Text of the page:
Moreover, federal review of hospital transactions — on both a retrospective and prospective basis — is likely to remain active in 2021 and beyond. The FTC announced in September that it has revamped its merger retrospective program aimed at studying the effects of consummated mergers.
Among other things, the FTC will reassess whether the screening devices traditionally employed in the merger review process, such as price pressure measures, have been too permissive.
The FTC also intends to study competitive issues that rarely have been examined in the course of merger review, such as how combinations impact labor markets. It is a virtual certainty that the lessons learned through the merger retrospective program will shape the agency's enforcement agenda for years to come.
The financial and operational challenges caused by the pandemic will undoubtedly drive competing providers to pursue various forms of consolidation, including mergers.
However, as it pertains to prospective antitrust enforcement, the FTC and DOJ have made clear that, notwithstanding the hardships caused by COVID-19, they intend "to responsibly enforce the antitrust laws to protect the health, safety, and welfare of all Americans."
Accordingly, hospital providers pursuing high-risk transactions should not expect leniency from either agency, even if the parties' rationale for combining is largely related to the effects of the pandemic. Those transactions that have historically raised competitive issues will continue to face intense scrutiny.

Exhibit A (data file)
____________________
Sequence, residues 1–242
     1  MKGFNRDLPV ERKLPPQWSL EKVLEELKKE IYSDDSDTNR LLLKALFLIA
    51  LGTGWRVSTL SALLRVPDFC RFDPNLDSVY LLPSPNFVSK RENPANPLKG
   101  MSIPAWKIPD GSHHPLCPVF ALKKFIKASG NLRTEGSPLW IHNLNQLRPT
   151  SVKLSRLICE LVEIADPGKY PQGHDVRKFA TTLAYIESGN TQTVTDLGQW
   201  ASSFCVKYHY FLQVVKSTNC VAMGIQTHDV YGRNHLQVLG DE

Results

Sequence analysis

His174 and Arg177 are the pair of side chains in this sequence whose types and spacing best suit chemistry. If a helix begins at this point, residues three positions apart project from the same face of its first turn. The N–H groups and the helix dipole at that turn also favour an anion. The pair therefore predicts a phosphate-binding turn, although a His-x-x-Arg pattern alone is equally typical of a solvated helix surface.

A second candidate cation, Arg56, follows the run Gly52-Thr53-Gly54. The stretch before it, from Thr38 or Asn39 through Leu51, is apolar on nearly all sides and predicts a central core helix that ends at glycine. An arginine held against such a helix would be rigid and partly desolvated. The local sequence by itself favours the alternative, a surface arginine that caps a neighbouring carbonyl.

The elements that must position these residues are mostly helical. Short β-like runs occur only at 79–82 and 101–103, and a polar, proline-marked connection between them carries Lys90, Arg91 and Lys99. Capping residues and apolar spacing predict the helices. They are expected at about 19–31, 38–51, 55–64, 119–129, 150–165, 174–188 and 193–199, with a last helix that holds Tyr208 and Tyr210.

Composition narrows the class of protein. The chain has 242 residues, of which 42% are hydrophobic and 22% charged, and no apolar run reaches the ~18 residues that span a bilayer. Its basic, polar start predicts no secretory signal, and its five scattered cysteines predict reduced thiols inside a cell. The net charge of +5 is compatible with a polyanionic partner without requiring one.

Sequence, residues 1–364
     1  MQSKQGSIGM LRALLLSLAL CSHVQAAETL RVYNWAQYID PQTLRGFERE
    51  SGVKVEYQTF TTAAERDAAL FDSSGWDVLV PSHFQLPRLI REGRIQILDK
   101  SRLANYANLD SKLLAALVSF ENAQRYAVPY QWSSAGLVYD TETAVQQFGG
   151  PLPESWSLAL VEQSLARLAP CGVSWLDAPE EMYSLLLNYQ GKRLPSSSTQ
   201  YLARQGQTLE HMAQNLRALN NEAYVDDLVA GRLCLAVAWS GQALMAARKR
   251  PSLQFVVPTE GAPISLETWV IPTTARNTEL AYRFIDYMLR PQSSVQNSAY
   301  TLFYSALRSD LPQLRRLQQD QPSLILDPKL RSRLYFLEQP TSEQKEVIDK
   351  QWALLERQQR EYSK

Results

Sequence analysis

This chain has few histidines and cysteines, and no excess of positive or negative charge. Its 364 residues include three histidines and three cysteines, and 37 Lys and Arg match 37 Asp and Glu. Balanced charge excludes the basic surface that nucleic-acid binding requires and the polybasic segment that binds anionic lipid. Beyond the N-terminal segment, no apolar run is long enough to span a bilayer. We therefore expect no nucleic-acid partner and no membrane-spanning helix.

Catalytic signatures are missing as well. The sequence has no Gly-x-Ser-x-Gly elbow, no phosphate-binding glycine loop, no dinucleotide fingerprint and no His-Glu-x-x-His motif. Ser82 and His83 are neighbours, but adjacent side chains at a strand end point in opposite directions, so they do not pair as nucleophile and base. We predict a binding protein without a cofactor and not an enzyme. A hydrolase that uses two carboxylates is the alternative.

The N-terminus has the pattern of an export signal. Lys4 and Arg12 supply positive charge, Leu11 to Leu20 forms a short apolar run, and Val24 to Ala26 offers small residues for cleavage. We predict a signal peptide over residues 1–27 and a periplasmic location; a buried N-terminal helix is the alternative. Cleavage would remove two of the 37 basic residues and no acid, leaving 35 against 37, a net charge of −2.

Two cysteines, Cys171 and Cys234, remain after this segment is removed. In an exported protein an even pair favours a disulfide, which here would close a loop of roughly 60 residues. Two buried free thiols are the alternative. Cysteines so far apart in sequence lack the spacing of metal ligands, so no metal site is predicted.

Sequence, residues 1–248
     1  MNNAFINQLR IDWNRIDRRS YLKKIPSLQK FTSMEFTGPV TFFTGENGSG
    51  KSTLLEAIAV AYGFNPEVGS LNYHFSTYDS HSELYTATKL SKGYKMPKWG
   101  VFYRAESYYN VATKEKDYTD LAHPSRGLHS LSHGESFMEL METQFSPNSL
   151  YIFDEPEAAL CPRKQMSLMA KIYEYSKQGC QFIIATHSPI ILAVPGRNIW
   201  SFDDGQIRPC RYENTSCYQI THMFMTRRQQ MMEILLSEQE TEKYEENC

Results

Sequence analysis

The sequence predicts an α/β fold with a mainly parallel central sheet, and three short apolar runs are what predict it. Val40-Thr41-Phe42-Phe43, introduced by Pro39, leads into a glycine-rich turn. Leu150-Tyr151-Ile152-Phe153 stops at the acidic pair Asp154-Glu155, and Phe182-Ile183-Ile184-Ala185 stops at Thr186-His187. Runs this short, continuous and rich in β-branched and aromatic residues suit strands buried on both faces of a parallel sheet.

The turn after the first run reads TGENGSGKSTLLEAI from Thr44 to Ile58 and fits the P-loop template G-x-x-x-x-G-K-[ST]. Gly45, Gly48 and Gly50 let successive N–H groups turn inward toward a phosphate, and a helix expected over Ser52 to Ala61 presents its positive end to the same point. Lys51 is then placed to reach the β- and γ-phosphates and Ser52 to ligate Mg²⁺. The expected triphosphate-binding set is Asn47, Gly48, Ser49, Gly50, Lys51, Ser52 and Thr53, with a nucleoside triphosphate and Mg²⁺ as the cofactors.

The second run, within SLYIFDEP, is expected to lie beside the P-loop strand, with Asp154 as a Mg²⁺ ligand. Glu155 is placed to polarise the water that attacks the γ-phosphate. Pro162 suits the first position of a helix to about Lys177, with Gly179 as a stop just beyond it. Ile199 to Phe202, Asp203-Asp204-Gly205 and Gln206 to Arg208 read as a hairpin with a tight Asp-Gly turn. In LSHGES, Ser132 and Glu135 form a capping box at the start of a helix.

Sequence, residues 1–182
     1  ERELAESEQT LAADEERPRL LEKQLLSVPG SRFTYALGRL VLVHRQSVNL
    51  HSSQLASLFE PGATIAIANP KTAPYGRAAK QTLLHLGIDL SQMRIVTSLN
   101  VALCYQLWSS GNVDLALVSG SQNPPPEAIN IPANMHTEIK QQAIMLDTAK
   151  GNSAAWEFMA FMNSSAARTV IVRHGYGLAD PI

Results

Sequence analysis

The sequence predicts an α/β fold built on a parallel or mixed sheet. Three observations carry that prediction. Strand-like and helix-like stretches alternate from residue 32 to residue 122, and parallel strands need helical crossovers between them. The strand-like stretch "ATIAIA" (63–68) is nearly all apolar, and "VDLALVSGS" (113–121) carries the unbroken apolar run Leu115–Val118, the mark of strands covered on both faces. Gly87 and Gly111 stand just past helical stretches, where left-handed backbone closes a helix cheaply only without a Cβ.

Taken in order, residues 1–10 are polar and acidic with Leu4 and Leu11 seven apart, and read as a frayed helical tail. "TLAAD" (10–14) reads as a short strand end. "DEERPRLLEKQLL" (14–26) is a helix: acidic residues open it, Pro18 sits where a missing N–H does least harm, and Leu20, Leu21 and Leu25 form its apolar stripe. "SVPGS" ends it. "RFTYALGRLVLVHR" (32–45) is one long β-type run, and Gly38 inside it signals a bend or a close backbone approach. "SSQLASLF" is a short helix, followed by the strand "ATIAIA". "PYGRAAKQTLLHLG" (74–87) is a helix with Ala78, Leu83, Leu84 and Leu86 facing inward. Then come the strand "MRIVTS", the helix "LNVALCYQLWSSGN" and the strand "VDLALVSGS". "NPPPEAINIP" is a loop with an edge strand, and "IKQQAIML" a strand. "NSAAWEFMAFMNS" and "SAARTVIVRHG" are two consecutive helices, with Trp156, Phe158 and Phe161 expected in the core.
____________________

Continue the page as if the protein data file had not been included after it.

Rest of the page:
As we usher in a new administration in 2021, there should be no expectation of a slowdown on the antitrust enforcement front. Key members of President-elect Joe Biden's transition team have said as much. We fully expect the health care industry, once again, to be at the center of these initiatives.
Republished with permission. This article, "An Active Year For Health Care Antitrust Enforcement," was first published by Law360 on December 15, 2020. The original article can be accessed here.
 Federal Trade Commission v. Thomas Jefferson University, 2:20-cv-01113-GJP (U.S. District Court for the Eastern District of Pennsylvania December 8, 2020).
 Id. at 60-61.
 In re Blue Cross Blue Shield Antitrust Litigation, MDL 2406 (N.D. Ala.).